LEWISTON — Why is School Superintendent Bill Webster proposing to cut sports and teaching positions when enrollment is growing by 100 students per year?

Because of growing costs in other places, including special education for out-of-district students.

Webster is proposing a $60.76 million budget, up from $58.5 million, that would raise property taxes by about $126 for a house valued at $150,000. The budget does not meet the needs of students and is unaffordable for taxpayers, Webster said.

His spending plan includes $296,000 to hire more special education teachers and technicians to create a second in-house autism classroom at Geiger Elementary School and a new autism program at Lewiston Middle School.

Lewiston has about 100 special education students placed outside the district. Webster’s goal is to reduce that number and the costs.

Lewiston has faced $4.5 million in MaineCare payments to the Maine Department of Health and Human Services for medical services for out-of-district special education students, Webster said.

“We must pay the so-called seed portion of the MaineCare costs for medical services that students receive,” Webster said. That’s roughly 36 percent.

“We have been unsuccessful in having this mandate reduced and are only now budgeting the proper level of expected annual charges, $1.9 million in 2014-15,” Webster said in his budget memo.

That $1.9 million is a $1.5 million increase in the past year alone.

Last year, Lewiston spent all of its $1.6 million in carry-over money to pay for the higher special education costs. This year, there are no savings to help.

“This billing procedure changed two years ago. We are only now getting a handle on it,” he said.

Why costs are climbing is complicated and confusing, educators say.

Auburn Special Education Director Laurie Lemieux explained there have been two changes in how school districts are billed, and those regulations have not been clearly understood.

Before 2010, schools paid a “bundled rate” to treat special education students in school districts and outside special schools.

The bundled fees covered medical services for certain disabilities. It often meant revenue for school districts because at that time, schools could bill based on the disability, not for the particular services.

“But the federal government did not like billing at the bundled rate,” Lemieux said. “They wanted it broken down” into itemized fees for services.

No more bundling meant less MaineCare reimbursement for in-district students, and higher costs for out-of-district students.

For schools sending students to private day treatments such as Margaret Murphy or Spurwink facilities, the price before could have been $100 per day. With itemized costs, the hourly cost for a child who needs a behavioral health professional to manage behavior is $58.60. A child with significant needs may need a behavioral health professional all day, Lemieux said. So the daily charge for that student could have gone from $100 to $350 a day, Lemieux said.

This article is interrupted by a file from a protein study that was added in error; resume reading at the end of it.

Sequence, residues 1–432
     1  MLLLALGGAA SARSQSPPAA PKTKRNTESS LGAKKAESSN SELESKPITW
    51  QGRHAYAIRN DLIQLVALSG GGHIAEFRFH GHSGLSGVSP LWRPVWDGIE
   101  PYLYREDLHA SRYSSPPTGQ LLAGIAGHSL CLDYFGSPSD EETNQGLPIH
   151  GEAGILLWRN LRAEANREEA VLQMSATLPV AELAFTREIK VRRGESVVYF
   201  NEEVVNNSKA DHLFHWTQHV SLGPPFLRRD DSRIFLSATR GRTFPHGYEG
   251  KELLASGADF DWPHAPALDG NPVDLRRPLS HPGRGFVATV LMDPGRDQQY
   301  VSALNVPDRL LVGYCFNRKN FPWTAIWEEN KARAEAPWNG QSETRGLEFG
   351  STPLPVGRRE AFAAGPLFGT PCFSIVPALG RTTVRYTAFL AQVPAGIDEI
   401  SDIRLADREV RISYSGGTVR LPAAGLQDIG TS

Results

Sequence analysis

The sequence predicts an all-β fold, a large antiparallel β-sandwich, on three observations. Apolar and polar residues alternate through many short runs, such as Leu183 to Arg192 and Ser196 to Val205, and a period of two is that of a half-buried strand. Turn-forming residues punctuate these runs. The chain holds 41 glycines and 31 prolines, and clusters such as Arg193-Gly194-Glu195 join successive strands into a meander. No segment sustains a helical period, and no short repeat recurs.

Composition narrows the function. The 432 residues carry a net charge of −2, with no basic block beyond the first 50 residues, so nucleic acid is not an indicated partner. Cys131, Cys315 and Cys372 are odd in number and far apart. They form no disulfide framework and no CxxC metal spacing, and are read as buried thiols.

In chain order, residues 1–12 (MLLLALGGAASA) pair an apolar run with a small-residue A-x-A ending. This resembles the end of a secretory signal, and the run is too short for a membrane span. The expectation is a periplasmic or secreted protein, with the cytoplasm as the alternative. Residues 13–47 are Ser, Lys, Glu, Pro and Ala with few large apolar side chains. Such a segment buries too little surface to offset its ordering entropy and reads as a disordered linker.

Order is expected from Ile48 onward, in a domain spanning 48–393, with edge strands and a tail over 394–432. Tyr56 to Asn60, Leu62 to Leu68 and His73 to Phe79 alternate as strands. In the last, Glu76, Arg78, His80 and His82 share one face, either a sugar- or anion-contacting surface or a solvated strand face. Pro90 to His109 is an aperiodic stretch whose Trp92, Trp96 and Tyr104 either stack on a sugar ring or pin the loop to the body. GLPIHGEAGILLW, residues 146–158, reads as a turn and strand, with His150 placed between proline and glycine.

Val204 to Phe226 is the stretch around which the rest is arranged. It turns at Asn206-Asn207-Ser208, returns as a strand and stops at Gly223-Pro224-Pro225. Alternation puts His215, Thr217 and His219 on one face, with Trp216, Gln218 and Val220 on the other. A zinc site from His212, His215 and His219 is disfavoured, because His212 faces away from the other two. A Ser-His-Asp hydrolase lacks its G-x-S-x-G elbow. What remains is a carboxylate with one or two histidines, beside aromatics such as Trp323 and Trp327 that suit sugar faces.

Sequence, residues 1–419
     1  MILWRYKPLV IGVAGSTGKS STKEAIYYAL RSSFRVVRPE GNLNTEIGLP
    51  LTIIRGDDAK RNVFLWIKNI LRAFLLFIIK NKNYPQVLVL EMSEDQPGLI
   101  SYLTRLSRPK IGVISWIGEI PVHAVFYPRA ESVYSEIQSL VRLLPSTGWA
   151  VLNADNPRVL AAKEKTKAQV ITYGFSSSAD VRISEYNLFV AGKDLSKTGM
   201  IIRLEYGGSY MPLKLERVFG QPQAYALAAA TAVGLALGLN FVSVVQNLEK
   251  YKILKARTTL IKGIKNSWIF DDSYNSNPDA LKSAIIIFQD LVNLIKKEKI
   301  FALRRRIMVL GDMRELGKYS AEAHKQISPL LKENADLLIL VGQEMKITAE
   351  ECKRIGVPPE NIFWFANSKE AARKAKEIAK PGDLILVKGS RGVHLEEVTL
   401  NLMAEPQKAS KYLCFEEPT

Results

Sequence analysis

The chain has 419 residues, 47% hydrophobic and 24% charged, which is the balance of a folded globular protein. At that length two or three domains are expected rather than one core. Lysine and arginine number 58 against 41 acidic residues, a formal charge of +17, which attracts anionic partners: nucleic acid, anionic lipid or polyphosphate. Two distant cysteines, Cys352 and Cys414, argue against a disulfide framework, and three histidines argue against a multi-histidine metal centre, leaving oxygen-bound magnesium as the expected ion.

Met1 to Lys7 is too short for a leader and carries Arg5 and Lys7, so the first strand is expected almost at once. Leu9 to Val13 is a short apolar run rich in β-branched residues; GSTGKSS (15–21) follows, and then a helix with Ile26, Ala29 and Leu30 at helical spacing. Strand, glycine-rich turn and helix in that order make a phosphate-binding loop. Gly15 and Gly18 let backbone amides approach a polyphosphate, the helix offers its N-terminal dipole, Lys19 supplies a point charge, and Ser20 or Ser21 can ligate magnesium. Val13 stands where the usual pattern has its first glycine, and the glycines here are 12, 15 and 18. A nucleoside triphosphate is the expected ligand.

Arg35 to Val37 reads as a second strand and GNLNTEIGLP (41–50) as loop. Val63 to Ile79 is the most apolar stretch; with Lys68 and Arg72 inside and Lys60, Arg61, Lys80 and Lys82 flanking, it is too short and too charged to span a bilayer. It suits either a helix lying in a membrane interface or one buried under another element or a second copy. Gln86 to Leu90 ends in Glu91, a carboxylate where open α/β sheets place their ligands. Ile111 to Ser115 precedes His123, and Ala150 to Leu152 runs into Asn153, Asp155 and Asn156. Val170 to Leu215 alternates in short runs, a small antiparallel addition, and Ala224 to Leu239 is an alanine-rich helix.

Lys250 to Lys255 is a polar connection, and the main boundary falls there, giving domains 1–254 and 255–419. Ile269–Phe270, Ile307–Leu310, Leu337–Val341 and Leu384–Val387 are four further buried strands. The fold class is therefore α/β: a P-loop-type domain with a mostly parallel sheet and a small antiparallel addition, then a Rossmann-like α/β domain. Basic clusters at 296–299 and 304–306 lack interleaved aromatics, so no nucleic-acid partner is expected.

The second change is the “seed” charge, which means school districts must pay for a certain portion of medical services for out-of-district special education students.

Two years ago, the federal government paid for 75 percent of the costs and local schools paid 25 percent. But the regulation was poorly understood. Some private centers didn’t pass on the charge to school districts, saying it was covered by tuition; others did, but the charge was smaller, Lemieux said.

Two years ago, the state began deducting seed money from a district’s education subsidy, which got everyone’s attention.

Around the same time the federal match for medical services went from 75 percent to 62.6 percent, meaning local school districts had to pay 37.2 percent instead of 25 percent.

For Auburn, the seed change meant what used to be a $50,000 annual cost jumped to $525,000.

“The seed is huge,” Lemieux said.

What the change meant came to light for Auburn two years ago. “But our budget was already approved,” Lemieux said. “Last year, we understood the obligation and added quite a bit to our budget.”

Since then, Auburn’s special education student numbers have fallen from 19.9 percent of the student population to 16 percent. “But what we are seeing is a lot of special ed kids with high needs.”

Districts can save by creating more in-district programs, Lemieux said, “but you have to do it cautiously” and make sure faculty are “people who can deliver. These kids we have are very needy kids.”

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